We receive a lot of questions about how much it costs to start a solo law practice, particularly a successful practice with a web site, well-stocked bar, and good staplers. Estimates from so-called legal marketing experts range from $49.99 to $3,000. But as Scott Greenfield is quick to point out, most of these fly by night operations don’t budget for basic legal research, such as books, a set of Shepard’s, and a multi-disc tray to use for your dedicated Westlaw terminal. No worries, we’ve looked at the research, considered needed capitalization, and have come up with a solid bottom line. [Read more...]
Two machines have revolutionized the legal industry: the adding machine and the numbering machine. The adding machine enabled hourly billing, contingent fee cases, and complex Ponzi schemes. It also rapidly changed how lawyers practice. After all, who knew that one day adding machines would have touch screens and could be used in coffee shops or while commuting?
The numbering machine — more commonly known as the Bates Stamper– also has a rich history, though not as celebrated. Where the adding machine is the Ricardo Montalban of office equipment, the Bates stamper is the Wallace Shawn. Something you’ve seen before but cannot quite remember where you saw it. Whatever its perception, though, the numbering machine remains an office workhorse, helping to categorize and track documents and to keep scriveners and law clerks busy during down times. [Read more...]
Many attorneys have hair. And while hair upkeep is a day-to-day professional obligation, it can still present challenges. Whether it is using the appropriate hair products or brushing dandruff off your dark suit, focusing on hair can increase law practice success. Nevertheless, when head lice strike, your work to keep a positive hair focus could be ruined. Worse, when confronted with head lice infestation, law firms often cave to embarrassment and attempt to hide the problem, exacerbating any recovery. Relax. There is hope. Here is what you can do. [Read more...]
Attorneys have a lot of tools under their belt, not all of them used effectively. One tool that typically sits in the back closet is the office chain saw. Whether it’s a Stihl, Husqvarna, or Craftsman, the chain saw — when used properly — can enhance your practice, attract new clients, and lead to overall office harmony. Here’s how. [Read more...]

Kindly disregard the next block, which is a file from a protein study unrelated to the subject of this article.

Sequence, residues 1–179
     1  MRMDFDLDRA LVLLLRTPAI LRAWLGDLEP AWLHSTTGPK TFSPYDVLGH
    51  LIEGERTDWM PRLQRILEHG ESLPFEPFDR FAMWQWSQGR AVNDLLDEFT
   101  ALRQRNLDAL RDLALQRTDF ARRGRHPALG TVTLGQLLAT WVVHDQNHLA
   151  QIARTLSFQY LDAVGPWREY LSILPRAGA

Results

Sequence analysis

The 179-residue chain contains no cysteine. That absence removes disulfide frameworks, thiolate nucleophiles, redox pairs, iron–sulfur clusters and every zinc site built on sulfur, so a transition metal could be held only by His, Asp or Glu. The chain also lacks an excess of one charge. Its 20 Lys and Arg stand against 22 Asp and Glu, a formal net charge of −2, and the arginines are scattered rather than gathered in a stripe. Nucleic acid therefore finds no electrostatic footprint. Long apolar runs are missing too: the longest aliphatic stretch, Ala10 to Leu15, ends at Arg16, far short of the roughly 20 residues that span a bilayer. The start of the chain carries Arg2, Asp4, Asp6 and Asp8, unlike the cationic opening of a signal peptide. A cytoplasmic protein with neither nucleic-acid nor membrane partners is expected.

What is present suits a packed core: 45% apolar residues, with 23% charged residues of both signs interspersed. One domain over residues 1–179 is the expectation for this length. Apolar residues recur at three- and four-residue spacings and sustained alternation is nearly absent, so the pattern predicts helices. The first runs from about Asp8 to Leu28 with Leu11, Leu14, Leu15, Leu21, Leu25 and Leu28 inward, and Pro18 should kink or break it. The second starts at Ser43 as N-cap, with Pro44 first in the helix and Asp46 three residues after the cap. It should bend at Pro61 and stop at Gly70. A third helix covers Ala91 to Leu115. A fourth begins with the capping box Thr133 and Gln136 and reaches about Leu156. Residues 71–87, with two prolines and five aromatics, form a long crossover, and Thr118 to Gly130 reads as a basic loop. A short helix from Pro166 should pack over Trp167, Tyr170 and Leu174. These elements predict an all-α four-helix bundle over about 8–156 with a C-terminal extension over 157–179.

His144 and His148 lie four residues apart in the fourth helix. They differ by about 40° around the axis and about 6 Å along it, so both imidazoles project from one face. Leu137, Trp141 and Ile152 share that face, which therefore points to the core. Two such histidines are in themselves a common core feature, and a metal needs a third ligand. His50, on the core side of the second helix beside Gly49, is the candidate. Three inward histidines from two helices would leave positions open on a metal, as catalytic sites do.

If you ask around, keeping track of client files is somewhat important. A few months after you finish up a case, though, you are often stuck with a pile of papers that have no other use except staple practice or wrapping last minute gifts. You could spend a ton of your downtime handing your dog client documents to chew on as part of regular file destruction, or you could try something attorneys have not yet used more widely: controlled burns.
[dropcap]W[/dropcap]e’ve talked about establishing a stapleless office, but if going stapleless proves too difficult or emotionally draining, don’t push yourself. Keeping a stapler in the office is often a good, if not essential, option. And with great staplers out there to help make stapling easier and more efficient, you may not need to get rid of your staplers entirely, at least not yet.
Pastries are highly functional office accessories. But with hundreds of pastries to choose from, what is best for building a modern practice? We’ve studied this issue and have talked with dozens of attorneys who think about it carefully every day. Most attorneys mention donuts as the workhorses of law firm nutrition and morale. We agree. But while some of our choices may spark controversy in the profession, here are our top five donuts to consider for a contemporary practice. [Read more...]